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Yugoslavia: War Crimes Trial Takes Summer Recess Amid Concerns Over Milosevic's Health

The war crimes trial of former Yugoslav President Slobodan Milosevic in The Hague was suspended for a four-week summer break today after three days of testimony by Milosevic's former secret police chief. The recess comes as doctors admit serious concern over the state of Milosevic's health.

Prague, 26 July 2002 (RFE/RL) -- In today's final day of testimony before a four-week summer recess, former Yugoslav President Slobodan Milosevic's former secret police chief and Deputy Interior Minister Rade Markovic was cross-examined by his old boss at Milosevic's war crimes trial in The Hague.

In contrast to his damning testimony yesterday, Markovic today confirmed Milosevic's claim that the Belgrade authorities did not have a plan to expel a sizeable portion of Kosovo's ethnic Albanians, who make up about 90 percent of the population of the province. "I have never seen any proposals, orders or plans to expel Albanians from Kosovo."

Markovic conceded that crimes had been perpetrated by individuals, but that these were prosecuted. "In Kosovo, there were some crimes perpetrated by individuals, both from the army and from the police, and those who were caught were prosecuted."

Markovic insisted there was no policy of killing or targeting civilians. "The task was to preserve the life and the security of civilians in Kosovo, both Serbs and Albanians."

Many of the 66 counts of war crimes with which Milosevic is charged involve the alleged murder of ethnic Albanian civilians in Kosovo by forces of the Serbian Interior Ministry. Up to 10,000 civilians are alleged to have been killed by Serbian forces in Kosovo during the 78-day NATO bombing campaign that sought to expel Serb forces from the province. During that period, some 800,000 Kosovo residents, mainly ethnic Albanians, sought refuge in neighboring countries after having been expelled by Serbian forces.

In testimony yesterday, Markovic confirmed the existence of a special government body that coordinated the activities of the Yugoslav Army and Serbian Interior Ministry forces. He also alleged that Milosevic received daily security briefings on the situation in Kosovo during the 1998-99 conflict, as well as occasional briefings by the Serbian military and police commanders in Kosovo, who Markovic says sidestepped the standard chain of command to inform Milosevic directly.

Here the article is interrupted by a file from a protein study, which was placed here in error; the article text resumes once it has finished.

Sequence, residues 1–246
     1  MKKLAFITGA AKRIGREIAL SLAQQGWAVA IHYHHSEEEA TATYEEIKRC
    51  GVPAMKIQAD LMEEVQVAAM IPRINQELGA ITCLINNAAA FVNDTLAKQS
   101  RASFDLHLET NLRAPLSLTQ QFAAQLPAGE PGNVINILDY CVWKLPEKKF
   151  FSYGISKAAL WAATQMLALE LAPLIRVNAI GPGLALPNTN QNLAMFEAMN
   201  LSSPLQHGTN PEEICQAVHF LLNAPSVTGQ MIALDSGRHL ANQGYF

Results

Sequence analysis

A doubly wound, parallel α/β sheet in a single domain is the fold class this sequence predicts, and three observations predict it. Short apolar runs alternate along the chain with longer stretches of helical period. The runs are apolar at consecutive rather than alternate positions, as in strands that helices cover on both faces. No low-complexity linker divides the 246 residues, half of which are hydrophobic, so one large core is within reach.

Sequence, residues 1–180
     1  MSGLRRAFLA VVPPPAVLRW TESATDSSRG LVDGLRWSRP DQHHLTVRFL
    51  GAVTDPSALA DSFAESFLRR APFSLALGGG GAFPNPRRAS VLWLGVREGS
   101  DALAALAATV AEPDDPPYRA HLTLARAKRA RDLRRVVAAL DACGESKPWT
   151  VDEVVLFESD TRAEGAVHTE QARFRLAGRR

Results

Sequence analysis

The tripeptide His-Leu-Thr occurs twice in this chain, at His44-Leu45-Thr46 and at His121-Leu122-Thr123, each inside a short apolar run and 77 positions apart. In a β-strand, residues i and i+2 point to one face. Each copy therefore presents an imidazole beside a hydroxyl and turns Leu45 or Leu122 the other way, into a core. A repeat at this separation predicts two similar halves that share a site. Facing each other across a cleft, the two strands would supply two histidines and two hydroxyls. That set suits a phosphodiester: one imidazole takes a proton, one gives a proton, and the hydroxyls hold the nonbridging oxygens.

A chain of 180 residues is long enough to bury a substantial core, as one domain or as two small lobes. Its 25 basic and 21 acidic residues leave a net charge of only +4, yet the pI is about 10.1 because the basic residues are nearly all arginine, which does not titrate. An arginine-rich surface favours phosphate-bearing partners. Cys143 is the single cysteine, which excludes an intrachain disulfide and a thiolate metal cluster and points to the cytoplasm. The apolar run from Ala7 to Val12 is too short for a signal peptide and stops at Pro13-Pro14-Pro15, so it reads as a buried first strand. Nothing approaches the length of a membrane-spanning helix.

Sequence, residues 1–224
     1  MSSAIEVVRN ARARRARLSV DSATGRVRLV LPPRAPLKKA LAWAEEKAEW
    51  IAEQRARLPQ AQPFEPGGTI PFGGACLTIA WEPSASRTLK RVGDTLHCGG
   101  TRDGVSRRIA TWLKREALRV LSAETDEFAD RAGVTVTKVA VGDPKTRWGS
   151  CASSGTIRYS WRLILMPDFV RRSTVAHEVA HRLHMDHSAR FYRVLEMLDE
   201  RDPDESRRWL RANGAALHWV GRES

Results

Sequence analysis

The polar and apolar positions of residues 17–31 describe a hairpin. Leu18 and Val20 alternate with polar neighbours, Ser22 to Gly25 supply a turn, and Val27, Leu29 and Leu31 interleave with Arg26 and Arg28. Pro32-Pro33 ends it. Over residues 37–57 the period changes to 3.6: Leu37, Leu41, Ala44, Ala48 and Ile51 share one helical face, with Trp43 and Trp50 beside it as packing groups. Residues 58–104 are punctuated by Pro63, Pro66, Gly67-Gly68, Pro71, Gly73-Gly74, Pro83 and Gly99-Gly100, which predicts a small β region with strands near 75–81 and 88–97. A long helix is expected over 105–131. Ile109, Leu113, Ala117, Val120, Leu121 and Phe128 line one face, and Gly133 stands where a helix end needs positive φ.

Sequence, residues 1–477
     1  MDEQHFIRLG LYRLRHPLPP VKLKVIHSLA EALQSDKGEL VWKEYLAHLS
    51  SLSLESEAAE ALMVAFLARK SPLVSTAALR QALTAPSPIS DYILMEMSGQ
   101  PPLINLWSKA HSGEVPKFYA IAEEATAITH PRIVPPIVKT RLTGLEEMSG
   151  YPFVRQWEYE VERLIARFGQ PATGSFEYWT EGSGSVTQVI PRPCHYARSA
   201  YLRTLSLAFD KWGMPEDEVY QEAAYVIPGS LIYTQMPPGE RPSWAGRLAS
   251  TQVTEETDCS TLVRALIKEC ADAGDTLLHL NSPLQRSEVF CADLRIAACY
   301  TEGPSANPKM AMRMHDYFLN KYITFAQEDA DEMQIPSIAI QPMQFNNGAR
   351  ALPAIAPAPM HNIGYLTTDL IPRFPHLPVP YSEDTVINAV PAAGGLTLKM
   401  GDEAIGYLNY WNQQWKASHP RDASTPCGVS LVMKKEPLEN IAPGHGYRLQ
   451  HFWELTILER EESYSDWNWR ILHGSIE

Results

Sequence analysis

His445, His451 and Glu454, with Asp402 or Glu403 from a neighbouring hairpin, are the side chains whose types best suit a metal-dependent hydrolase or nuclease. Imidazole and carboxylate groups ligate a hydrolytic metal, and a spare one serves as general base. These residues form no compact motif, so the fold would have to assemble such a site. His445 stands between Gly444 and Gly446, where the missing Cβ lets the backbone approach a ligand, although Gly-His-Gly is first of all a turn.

Markovic also confirmed under cross-examination by Milosevic that security equipment destined for Kosovo was purchased mainly with funds given by the Yugoslav customs service, but only with Milosevic's approval. As Markovic said, "When we needed help with this, we asked Milosevic directly."

"When cash was required, approval was needed for financing the needs of State Security or the army of Yugoslavia. This had to be requested from Slobodan Milosevic."

However, the chief issue in the final days of the trial before the summer recess has been Milosevic's health. Judge Richard May told the tribunal yesterday that a new medical report confirms that Milosevic has high blood pressure and is at grave risk of a heart attack. May said further tests on the 60-year-old Milosevic are needed. According to May, Milosevic's "workload must be reduced and the medical treatment by a cardiologist is most advisable." May says the court will consider any option that may be available for the future conduct of the trial to accommodate Milosevic's health needs.

Milosevic, who does not recognize the court's legitimacy and who is defending himself, insists he has no interest in what would be the third interruption in the proceedings due to his health. "It's your problem. I never complained. I never asked in the last six months for any interruption."

But Jim Landale, a spokesman for the International Criminal Tribunal for the former Yugoslavia, speaking by telephone from The Hague, says Milosevic is seriously ill. "The conclusions [of the doctors] were that Mr. Milosevic has some serious cardiovascular risks, which will require careful future monitoring."

The prosecution has until mid-September to conclude its case on Kosovo, after which the focus will shift to testimony by 71 witnesses of crimes committed in Croatia, followed by the testimony through next May of 106 prosecution witnesses for Bosnia. Only once that testimony has been completed will Milosevic be able to launch his defense.